McClatchy reports: In the two months since Egyptian authorities started rounding up supporters of ousted President Mohammed Morsi, a repressive regime has emerged here that appears to be far worse than the one political activists thought they’d ended when they pushed Hosni Mubarak from office two and a half years ago.
Egyptians caught in the roundup have told McClatchy they were tortured while awaiting charges. Islamist leaders claim that the government is rounding up family members in the night as leverage against them. Lawyers tasked with representing arrested Morsi supporters often are arrested when they go to be with their clients during prison interrogations. Once again, civilians are facing their charges in military courts.
“I saw torture chambers that made me wish they would shoot my husband dead,” said one woman who was arrested the same day her husband also was seized. “I would rather see him, the father of three children, dead than tortured,” she recounted in a phone interview, her voice still shaking 10 days after her two-week detention.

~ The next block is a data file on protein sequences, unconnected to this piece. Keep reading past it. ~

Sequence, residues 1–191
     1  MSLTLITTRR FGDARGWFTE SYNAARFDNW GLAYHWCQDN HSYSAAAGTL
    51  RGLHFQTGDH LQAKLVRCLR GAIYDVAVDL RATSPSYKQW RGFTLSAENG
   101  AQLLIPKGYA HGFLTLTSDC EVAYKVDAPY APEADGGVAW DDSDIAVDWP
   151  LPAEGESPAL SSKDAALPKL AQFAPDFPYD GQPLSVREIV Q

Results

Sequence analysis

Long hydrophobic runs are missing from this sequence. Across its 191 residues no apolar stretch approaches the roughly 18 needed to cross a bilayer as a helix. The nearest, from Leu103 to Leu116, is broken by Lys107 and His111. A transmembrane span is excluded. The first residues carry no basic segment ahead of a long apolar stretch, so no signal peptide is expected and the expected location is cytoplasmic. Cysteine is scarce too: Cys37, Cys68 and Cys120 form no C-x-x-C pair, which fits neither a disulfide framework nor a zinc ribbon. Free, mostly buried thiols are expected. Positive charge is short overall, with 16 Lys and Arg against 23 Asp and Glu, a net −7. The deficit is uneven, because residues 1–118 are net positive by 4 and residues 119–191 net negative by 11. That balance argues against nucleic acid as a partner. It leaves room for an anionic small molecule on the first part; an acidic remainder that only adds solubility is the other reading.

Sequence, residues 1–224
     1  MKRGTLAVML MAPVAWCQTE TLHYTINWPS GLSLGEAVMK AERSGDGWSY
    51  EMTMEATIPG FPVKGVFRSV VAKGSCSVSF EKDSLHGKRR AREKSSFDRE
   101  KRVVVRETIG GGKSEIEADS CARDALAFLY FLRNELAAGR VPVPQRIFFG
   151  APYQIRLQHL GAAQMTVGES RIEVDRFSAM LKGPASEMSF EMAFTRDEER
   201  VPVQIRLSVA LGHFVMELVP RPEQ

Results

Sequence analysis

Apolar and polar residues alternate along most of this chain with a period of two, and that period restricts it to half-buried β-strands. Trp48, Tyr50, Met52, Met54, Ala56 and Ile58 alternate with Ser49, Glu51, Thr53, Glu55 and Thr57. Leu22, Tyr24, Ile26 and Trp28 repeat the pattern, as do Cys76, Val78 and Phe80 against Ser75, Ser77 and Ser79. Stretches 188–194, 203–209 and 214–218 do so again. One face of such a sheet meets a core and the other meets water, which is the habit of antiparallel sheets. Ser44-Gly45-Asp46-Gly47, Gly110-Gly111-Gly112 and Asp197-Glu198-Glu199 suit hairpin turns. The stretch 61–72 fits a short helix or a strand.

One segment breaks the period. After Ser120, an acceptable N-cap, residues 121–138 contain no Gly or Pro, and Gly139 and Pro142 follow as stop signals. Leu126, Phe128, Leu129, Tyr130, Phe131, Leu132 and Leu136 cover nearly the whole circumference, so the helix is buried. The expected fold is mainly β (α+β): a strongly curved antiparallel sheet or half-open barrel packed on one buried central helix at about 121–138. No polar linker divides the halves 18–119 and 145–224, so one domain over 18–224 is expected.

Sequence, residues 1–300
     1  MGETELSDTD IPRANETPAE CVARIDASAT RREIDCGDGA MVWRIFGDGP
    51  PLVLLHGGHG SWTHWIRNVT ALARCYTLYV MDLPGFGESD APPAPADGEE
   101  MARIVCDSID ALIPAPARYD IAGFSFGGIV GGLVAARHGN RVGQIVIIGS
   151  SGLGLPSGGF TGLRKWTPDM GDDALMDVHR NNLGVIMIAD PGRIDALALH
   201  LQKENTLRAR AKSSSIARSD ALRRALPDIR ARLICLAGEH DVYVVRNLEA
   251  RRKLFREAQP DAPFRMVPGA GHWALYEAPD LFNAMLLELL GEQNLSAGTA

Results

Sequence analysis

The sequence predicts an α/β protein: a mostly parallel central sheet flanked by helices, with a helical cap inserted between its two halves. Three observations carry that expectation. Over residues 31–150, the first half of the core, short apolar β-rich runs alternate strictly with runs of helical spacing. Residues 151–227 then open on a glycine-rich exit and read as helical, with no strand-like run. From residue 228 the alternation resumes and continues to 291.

The woman, who asked not to be identified for fear she’d be arrested again, said she was mistreated while in custody but hadn’t been tortured. Her account matches that of other prisoners, who say they’ve gone on hunger strikes to protest the crowded conditions and refusals to let them see their lawyers.
Not just Morsi supporters have been arrested. A growing number of journalists and human rights advocates also have been detained, leaving fewer eyes to document what’s happening.
Ahmed Helmi, a human rights lawyer who represents many of those arrested, estimated that as many as 10,000 people have been arrested since the military deposed Morsi on July 3. That’s far more than human right groups’ estimates of 3,000. Diplomatic officials told McClatchy the number could be 5,000. [Continue reading…]